>> On Wed, Jun 3, 2009 at 2:03 PM, Daevid Vincent <daevid@stripped> wrote:
>>
>>> We have a "NOC" that displays this sort of thing and shows myTop in six
>>> windows for DEV/TEST/PROD and Master/Slave for
>>> each.(http://www.daevid.com/content/examples/snippets.php scroll down to
>>> "Automatic Monitoring of remote servers" for a handy script)
>>>
>>> So we do monitor this and will kill long running queries by hand. I was
>>> hoping for something a little more automated however. It just seems odd
to
>>> me that PHP does a mysql_connect and gets a resource ID. Then it uses
that
>>> socket (or whatever it is) to do subsequent queries. Mysql has to know
>>> about
>>> it too in order for it to send back results to the same
>>> resource/handle/socket/whatever. So either PHP should do some cleanup,
>>> which
>>> I assume it does when the page goes away, otherwise PHP would leak
memory
>>> like a sieve all over the place as pages are closed/aborted, OR mySQL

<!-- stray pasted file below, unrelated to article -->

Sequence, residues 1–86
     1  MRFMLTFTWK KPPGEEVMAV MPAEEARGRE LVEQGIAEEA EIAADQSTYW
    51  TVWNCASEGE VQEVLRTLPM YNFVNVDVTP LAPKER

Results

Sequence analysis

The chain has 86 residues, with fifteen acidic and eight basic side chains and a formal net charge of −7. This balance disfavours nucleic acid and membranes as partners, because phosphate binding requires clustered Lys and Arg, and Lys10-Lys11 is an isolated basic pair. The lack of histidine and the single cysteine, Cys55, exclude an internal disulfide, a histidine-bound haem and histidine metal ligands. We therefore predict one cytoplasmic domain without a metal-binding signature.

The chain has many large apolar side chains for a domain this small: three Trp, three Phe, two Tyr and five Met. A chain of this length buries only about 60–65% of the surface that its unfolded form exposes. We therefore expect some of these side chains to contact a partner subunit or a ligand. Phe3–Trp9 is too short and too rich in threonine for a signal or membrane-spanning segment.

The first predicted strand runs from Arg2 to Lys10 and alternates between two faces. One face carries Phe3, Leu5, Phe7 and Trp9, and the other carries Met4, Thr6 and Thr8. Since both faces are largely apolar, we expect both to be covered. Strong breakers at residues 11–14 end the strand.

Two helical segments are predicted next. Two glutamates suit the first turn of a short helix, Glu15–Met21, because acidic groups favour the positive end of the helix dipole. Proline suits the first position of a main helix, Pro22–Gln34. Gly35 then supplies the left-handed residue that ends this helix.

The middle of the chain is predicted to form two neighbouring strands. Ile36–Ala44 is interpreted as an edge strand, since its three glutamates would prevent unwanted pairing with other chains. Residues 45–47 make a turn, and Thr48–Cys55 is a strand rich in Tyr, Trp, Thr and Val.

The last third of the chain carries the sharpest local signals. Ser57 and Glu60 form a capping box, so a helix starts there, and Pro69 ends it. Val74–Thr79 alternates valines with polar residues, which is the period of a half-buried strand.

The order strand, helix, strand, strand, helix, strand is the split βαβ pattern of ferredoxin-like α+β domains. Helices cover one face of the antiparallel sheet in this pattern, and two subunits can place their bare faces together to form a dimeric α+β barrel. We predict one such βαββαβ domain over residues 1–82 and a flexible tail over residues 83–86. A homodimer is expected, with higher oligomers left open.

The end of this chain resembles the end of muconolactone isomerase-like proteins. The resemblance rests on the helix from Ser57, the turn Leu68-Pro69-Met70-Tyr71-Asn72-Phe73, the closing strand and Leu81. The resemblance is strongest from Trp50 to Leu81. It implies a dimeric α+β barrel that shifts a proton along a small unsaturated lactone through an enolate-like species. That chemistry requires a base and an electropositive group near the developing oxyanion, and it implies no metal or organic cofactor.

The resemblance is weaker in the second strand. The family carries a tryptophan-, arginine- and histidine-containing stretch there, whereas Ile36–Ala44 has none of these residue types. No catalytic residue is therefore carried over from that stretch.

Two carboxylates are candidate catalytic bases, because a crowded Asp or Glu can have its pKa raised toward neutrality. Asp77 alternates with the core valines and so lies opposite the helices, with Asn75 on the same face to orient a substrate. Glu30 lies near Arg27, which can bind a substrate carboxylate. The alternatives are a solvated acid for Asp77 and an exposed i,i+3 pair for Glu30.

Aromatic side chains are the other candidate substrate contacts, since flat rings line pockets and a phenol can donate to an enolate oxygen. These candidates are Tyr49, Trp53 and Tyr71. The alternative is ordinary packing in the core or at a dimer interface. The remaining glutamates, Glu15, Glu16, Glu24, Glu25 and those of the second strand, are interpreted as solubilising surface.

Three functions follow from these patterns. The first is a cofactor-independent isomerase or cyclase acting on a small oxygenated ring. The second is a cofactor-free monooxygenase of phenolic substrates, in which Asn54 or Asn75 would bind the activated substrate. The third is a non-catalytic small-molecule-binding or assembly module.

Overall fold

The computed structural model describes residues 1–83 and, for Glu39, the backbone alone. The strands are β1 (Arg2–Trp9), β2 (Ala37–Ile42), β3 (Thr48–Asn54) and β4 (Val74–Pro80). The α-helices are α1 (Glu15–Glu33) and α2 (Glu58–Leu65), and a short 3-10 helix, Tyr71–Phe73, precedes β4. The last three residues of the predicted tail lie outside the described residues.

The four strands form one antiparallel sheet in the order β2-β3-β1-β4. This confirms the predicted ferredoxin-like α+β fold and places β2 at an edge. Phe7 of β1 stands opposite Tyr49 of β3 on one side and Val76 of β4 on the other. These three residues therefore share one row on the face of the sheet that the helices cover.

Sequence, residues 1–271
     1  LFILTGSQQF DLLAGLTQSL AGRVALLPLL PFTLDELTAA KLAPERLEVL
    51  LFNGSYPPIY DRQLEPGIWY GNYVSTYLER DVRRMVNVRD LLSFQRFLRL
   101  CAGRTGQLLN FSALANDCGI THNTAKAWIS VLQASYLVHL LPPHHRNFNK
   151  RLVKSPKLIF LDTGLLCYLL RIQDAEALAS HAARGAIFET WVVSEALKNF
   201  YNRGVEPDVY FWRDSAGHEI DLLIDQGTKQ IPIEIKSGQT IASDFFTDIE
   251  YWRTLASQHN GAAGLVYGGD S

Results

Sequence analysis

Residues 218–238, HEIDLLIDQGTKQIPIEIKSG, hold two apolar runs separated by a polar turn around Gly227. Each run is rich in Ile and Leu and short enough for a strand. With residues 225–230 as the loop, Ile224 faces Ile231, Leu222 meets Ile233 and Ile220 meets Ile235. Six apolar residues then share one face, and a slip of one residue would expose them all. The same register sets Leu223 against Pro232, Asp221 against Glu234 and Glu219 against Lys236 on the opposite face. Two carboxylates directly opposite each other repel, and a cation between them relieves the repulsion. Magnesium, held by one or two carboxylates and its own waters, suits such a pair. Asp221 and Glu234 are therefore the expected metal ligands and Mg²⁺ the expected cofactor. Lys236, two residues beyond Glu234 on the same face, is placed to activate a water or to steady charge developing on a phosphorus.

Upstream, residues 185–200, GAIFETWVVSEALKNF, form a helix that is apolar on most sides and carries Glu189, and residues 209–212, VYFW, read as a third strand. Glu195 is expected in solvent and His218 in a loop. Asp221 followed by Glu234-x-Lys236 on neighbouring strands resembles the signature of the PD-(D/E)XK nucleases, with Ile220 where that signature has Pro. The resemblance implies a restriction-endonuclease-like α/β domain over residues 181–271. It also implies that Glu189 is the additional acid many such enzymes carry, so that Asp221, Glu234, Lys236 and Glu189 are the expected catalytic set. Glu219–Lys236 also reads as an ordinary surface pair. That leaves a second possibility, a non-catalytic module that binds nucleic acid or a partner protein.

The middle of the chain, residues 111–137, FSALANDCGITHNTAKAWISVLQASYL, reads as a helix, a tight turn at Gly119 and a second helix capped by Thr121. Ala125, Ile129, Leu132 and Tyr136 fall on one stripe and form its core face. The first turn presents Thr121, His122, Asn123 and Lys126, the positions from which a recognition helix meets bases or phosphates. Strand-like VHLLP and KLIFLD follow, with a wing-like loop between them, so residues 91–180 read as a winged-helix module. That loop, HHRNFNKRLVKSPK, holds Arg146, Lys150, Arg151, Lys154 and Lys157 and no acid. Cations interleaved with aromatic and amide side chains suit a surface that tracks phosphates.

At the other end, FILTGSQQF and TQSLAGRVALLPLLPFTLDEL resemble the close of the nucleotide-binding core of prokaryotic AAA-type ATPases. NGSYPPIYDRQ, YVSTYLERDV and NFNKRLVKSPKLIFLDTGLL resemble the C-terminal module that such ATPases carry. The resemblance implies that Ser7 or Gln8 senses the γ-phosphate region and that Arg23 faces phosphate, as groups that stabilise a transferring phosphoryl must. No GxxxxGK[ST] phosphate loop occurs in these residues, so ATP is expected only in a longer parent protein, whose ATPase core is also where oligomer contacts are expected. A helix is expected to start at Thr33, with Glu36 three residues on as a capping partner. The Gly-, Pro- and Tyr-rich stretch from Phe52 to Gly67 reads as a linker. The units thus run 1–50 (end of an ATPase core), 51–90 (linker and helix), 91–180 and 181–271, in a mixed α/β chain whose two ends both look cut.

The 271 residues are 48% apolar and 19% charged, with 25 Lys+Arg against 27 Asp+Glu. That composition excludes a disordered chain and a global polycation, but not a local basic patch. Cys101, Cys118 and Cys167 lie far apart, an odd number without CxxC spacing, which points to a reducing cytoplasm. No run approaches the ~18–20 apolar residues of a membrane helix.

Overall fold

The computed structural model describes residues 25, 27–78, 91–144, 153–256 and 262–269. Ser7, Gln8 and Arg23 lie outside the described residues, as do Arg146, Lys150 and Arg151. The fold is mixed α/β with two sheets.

>>> should
>>> get a signal that, "hey, your handle to return your data on just STB, so
>>> stop what you're doing please".
>>>
>>> On a related note then, is there a way to set a my.cnf setting so that
>>> queries that are going for longer than X seconds are re-niced or
something
>>> to not bog down the system? Ideally I'd assume you'd want each query to
>>> "peg
>>> the CPU" so that they're in and out quickly and the user can get on with
>>> their life. But these long running ones at some point X are then taking
>>> over
>>> the entire server with 135% CPU usage and killing the experience for any
>>> other user on the web site -- and for a duration too!
>>>
>>>
>>> > -----Original Message-----
>>> > From: Darryle Steplight [mailto:dsteplight@stripped]